International Science Index

Erosion in Abrasive Jet Nozzles: A Comprehensive Study

Abrasive jet machining is one of the promising non-traditional machining processes which uses mechanical energy (pressure and velocity) for machining various materials. The process parameters that influence the metal removal rate are kerfs, surface finish, depth of cut, air pressure, and distance between nozzle and work piece, nozzle diameter, abrasive type, abrasive shape, and mass flow rate of abrasive particles. The abrasive particles coming out with high pressure not only hits work surface but also passes through the nozzle resulting in erosion. This paper focuses mainly on the effect of different parameters on the erosion of nozzle in Abrasive jet machining. Three different types of nozzles made of sapphire, tungsten carbide, and high carbon high chromium steel (HCHCS) are used for machining glass and the erosion of these nozzles are calculated. The results are shown in tabular form and graphical representation.

Paper Detail
Roughness and Hardness of 60/40 Cu-Zn Alloy

The functional performance of machined components, often, depends on surface topography, hardness, nature of stress and strain induced on the surface, etc. Invariably, surfaces of metallic components obtained by turning, milling, etc., consist of irregularities such as machining marks are responsible for the above. Surface finishing/coating processes used to produce improved surface quality/textures are classified as chip-removal and chip-less processes. Burnishing is chip-less cold working process carried out to improve surface finish, hardness and resistance to fatigue and corrosion; not obtainable by other surface coating and surface treatment processes. It is a very simple, but effective method which improves surface characteristics and is reported to introduce compressive stresses.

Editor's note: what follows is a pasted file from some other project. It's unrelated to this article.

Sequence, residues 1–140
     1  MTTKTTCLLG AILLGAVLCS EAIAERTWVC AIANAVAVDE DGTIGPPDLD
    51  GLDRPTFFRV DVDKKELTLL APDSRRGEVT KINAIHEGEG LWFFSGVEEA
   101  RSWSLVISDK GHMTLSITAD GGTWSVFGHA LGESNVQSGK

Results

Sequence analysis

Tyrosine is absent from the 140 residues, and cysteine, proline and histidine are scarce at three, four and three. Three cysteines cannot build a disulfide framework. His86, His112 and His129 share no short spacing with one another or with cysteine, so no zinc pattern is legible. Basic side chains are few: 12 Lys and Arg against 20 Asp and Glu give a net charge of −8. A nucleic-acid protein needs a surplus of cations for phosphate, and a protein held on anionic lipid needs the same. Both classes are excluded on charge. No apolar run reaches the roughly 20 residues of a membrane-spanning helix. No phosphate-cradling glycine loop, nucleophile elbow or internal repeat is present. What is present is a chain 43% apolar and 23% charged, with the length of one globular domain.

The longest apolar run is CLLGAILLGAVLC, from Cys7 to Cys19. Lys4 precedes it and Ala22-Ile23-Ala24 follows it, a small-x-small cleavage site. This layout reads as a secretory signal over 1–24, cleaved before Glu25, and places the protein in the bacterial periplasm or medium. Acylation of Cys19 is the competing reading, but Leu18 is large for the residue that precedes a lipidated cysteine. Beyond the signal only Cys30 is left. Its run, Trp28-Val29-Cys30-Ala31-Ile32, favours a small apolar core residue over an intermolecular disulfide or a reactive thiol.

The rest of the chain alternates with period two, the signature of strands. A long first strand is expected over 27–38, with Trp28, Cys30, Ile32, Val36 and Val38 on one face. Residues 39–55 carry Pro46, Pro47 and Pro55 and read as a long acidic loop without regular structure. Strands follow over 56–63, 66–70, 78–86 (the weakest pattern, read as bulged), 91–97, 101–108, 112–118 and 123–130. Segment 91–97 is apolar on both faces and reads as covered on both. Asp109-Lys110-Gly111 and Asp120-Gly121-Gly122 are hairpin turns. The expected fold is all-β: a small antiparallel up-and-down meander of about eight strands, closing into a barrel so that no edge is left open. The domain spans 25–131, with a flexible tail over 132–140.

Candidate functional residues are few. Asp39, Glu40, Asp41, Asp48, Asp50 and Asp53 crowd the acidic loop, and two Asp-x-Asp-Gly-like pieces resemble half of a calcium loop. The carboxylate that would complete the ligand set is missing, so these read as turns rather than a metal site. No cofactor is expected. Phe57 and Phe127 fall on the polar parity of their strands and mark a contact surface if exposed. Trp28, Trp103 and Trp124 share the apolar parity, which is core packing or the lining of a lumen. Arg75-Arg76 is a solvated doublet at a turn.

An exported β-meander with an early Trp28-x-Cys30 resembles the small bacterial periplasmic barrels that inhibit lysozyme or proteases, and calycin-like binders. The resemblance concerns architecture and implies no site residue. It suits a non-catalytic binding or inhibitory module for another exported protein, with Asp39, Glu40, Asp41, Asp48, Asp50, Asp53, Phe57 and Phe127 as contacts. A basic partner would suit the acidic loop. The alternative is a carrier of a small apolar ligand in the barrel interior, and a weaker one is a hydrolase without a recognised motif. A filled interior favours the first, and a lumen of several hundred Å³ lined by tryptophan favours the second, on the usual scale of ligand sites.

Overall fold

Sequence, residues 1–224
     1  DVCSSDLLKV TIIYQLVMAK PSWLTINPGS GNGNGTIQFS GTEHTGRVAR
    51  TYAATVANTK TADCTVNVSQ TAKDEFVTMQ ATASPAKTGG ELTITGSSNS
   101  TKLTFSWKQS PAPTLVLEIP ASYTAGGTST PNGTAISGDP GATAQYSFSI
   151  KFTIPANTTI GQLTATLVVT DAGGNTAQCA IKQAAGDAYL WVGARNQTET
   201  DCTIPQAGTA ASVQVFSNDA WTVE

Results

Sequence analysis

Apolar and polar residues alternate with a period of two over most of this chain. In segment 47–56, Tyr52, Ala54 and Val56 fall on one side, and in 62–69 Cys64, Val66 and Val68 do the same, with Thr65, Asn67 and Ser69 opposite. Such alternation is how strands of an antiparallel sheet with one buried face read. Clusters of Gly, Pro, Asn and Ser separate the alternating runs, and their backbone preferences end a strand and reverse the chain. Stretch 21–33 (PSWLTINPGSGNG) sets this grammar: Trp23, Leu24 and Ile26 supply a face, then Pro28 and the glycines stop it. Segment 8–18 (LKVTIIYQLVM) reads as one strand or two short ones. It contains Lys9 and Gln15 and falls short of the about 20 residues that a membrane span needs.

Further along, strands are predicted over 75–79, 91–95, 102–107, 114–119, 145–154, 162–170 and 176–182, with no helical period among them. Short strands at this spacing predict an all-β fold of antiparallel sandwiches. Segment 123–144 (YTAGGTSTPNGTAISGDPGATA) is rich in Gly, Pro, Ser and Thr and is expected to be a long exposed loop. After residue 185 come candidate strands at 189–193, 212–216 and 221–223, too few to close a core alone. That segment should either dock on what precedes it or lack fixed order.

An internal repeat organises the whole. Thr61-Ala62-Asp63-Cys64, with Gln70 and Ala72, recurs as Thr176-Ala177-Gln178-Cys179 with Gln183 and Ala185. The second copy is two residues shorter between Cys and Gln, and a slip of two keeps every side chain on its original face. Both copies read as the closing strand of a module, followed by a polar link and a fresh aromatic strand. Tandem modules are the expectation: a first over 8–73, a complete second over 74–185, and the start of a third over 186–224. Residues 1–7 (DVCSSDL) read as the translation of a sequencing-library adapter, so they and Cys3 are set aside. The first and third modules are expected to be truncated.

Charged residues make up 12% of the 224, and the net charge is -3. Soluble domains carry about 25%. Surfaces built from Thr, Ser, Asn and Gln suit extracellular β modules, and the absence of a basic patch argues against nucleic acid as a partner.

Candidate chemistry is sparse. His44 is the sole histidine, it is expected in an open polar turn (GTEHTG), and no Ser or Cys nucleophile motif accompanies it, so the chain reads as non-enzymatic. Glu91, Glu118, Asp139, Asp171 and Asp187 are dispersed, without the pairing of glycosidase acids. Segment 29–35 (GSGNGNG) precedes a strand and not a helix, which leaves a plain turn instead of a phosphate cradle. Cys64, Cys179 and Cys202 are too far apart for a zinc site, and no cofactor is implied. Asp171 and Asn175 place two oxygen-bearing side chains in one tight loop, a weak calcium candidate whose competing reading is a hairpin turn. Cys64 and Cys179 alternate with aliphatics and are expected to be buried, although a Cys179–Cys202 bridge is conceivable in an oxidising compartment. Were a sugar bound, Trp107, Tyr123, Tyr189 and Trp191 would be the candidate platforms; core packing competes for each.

Of late, considerable attention is paid to post-machining, finishing operations, such as burnishing. During burnishing the micro-irregularities start to deform plastically, initially the crests are gradually flattened and zones of reduced deformation are formed. When all the crests are deformed, the valleys between the micro-irregularities start moving in the direction of the newly formed surface. The grain structure is then condensed, producing a smoother and harder surface with superior load-carrying and wear-resistant capabilities.

Burnishing can be performed on a lathe with a highly polished ball or roller type tool which is traversed under force over a rotating/stationary work piece. Often, several passes are used to obtain the work piece surface with the desired finish and hardness.

This paper presents the findings of an experimental investigation on the effect of ball burnishing parameters such as, burnishing speed, feed, force and number of passes; on surface roughness (Ra) and micro-hardness (Hv) of a 60/40 copper/zinc alloy, using a 2-level fractional factorial design of experiments (DoE). Mathematical models were developed to predict surface roughness and hardness generated by burnishing in terms of the above process parameters. A ball-type tool, designed and constructed from a high chrome steel material (HRC=63 and Ra=0.012 µm), was used for burnishing of fine-turned cylindrical bars (0.68-0.78µm and 145Hv). They are given by,


Ra= 0.305-0.005X1 - 0.0175X2 + 0.0525X4 + 0.0125X1X4 -0.02X2X4 - 0.0375X3X4


Hv=160.625 -2.37 5X1 + 5.125X2 + 1.875X3 + 4.375X4 - 1.625X1X4 + 4.375X2X4 - 2.375X3X4


High surface microhardness (175HV) was obtained at 400rpm, 2passes, 0.05mm/rev and 15kgf., and high surface finish (0.20µm) was achieved at 30kgf, 0.1mm/rev, 112rpm and single pass. In other words, surface finish improved by 350% and microhardness improved by 21% compared to as machined conditions.

Paper Detail